The threatened species has just been dealt another blow, according to recent findings by scientists.
Snow leopards are an incredibly beautiful species that is also very much threatened, and unfortunately, scientists are getting some bad news about them. Snow leopards are still getting killed by humans at an alarming rate, even with ramped up efforts to protect them.
A report from wildlife trade-monitoring organization TRAFFIC says that Poachers took down 450 of the majestic cats since 2008, and the number may be actually higher than that since many poachings go undetected. Considering the species is estimated to have just 4,000 animals, that is a huge blow, and more stretches like that could result in the extinction of the species before too long.
Most snow leopards are poached for their valuable fur and bones, but herders also kill them to prevent livestock predation.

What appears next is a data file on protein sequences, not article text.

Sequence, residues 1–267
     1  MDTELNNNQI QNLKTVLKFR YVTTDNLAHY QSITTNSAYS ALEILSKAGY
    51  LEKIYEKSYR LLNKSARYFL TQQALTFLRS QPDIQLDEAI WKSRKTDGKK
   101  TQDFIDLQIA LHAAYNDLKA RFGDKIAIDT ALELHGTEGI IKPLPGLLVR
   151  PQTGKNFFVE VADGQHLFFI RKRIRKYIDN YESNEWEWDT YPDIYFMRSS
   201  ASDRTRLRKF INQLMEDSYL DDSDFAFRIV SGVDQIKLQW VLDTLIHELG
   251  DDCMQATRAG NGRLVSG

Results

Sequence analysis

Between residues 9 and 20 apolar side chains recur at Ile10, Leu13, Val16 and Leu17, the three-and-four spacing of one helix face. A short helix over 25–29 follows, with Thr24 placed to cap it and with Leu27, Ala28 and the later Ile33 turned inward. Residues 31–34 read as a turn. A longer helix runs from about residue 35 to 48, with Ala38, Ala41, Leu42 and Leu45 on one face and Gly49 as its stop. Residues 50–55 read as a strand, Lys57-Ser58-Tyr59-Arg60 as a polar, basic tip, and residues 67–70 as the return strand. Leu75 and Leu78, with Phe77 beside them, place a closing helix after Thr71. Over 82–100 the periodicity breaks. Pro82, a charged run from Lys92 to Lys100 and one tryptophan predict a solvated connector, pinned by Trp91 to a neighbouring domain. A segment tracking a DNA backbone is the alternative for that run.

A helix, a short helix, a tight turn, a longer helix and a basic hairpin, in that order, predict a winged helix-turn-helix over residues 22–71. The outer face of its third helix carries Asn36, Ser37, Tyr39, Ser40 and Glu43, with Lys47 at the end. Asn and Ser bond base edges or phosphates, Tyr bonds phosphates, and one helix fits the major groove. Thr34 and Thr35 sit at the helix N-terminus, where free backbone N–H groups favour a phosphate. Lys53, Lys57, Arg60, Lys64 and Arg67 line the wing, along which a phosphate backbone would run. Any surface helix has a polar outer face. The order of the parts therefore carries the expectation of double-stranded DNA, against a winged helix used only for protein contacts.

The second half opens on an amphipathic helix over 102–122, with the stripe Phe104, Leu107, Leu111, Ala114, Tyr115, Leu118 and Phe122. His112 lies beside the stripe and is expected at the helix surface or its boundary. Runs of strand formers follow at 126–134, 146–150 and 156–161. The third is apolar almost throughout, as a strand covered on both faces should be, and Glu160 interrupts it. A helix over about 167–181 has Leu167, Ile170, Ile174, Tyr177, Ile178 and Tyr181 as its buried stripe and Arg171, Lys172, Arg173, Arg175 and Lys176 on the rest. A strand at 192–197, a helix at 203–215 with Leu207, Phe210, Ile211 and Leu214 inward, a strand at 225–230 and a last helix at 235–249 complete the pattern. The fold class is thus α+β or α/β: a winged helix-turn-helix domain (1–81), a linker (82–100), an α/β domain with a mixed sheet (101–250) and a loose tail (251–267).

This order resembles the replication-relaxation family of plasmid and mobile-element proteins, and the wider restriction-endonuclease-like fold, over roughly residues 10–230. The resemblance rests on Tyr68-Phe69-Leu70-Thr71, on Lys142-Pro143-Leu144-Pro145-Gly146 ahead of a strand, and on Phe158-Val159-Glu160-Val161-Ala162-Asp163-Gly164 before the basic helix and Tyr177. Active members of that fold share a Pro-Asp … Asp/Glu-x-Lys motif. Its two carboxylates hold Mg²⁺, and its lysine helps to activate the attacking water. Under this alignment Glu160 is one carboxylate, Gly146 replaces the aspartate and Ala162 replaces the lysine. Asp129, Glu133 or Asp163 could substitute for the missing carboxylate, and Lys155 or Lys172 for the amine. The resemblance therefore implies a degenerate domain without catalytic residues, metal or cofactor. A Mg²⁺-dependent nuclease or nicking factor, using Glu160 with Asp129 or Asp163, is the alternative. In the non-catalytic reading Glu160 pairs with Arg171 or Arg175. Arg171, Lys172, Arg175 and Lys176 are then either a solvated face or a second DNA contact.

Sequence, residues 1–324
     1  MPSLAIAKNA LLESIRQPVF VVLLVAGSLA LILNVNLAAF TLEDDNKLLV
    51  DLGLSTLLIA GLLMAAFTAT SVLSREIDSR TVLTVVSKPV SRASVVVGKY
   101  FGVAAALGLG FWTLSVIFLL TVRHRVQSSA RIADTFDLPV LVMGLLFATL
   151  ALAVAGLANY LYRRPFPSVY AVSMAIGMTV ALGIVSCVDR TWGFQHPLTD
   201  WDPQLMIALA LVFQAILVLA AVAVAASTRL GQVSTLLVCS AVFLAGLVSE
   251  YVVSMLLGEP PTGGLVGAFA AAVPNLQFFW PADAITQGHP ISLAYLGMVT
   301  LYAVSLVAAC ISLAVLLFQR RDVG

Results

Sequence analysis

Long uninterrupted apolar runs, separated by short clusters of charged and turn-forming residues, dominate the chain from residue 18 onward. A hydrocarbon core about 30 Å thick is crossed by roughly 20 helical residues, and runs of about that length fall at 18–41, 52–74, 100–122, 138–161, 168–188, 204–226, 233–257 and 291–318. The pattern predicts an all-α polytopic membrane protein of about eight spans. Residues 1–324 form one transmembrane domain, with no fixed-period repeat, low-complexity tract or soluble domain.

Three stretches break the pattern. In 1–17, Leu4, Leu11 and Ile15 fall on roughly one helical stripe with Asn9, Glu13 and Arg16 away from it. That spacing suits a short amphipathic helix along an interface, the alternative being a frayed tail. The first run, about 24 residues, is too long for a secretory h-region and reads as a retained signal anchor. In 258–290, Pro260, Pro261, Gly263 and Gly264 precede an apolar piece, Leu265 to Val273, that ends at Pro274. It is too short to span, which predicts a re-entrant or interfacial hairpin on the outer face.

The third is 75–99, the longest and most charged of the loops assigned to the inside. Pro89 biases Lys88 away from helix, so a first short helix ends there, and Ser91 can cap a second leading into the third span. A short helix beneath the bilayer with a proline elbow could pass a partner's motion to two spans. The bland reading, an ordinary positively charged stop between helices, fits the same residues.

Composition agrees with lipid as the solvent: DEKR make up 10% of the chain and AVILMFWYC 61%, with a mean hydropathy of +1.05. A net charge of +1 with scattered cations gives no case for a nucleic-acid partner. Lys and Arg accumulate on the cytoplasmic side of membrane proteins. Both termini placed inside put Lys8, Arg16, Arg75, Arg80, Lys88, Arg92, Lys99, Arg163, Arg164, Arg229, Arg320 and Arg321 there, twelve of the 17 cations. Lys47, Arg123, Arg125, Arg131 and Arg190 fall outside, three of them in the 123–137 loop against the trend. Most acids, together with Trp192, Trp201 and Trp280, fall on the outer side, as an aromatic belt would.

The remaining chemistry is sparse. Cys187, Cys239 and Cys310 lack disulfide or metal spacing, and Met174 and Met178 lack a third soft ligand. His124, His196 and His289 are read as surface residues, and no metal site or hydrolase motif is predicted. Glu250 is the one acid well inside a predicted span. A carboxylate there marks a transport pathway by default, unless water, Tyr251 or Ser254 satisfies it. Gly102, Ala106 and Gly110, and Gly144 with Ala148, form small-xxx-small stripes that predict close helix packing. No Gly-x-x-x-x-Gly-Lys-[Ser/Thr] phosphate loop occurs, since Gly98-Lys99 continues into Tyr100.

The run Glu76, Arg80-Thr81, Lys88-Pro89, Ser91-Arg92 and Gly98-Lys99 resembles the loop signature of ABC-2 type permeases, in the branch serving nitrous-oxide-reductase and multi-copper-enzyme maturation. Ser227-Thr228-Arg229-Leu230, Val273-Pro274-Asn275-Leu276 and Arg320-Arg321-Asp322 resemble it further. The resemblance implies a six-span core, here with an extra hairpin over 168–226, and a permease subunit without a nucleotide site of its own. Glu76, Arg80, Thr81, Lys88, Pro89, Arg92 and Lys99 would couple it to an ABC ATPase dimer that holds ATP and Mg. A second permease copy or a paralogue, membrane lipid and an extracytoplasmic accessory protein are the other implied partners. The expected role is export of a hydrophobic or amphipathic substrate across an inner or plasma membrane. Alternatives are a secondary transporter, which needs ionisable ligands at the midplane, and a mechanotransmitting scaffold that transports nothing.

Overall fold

And that’s not all. The snow leopards’ habitat is up in the mountains, and it is under threat from global warming, scientists say.
The paper states: “Based on the average number of cases known to experts over the average of nine years spent working in their geographic areas of knowledge, 221-450 Snow Leopards were estimated to have been poached annually since 2008. With the average rate of poaching detection estimated by experts at less than 38%, these numbers could be substantially higher. Of these, 55% are killed in retaliation for livestock depredation, 21% killed for trade and 18% taken by non-targeted methods such as snares. Although retaliatory killing is estimated to account for roughly half of Snow Leopard poaching (55%), experts estimate that there is a 50-50 chance (48%) that a poaching attempt will take place after a depredation incident. On average, experts estimate that 60% of retaliatory and non-targeted poaching incidents result in an attempt to sell; accounting for differences in this estimate between countries, a total of 108-219 Snow Leopards potentially enter into illegal trade. Over 90% of annual Snow Leopard poaching s estimated to occur in five range countries: China (103-236), Mongolia (34-53), Pakistan (23-53), India (21-45) and Tajikistan (20-25).”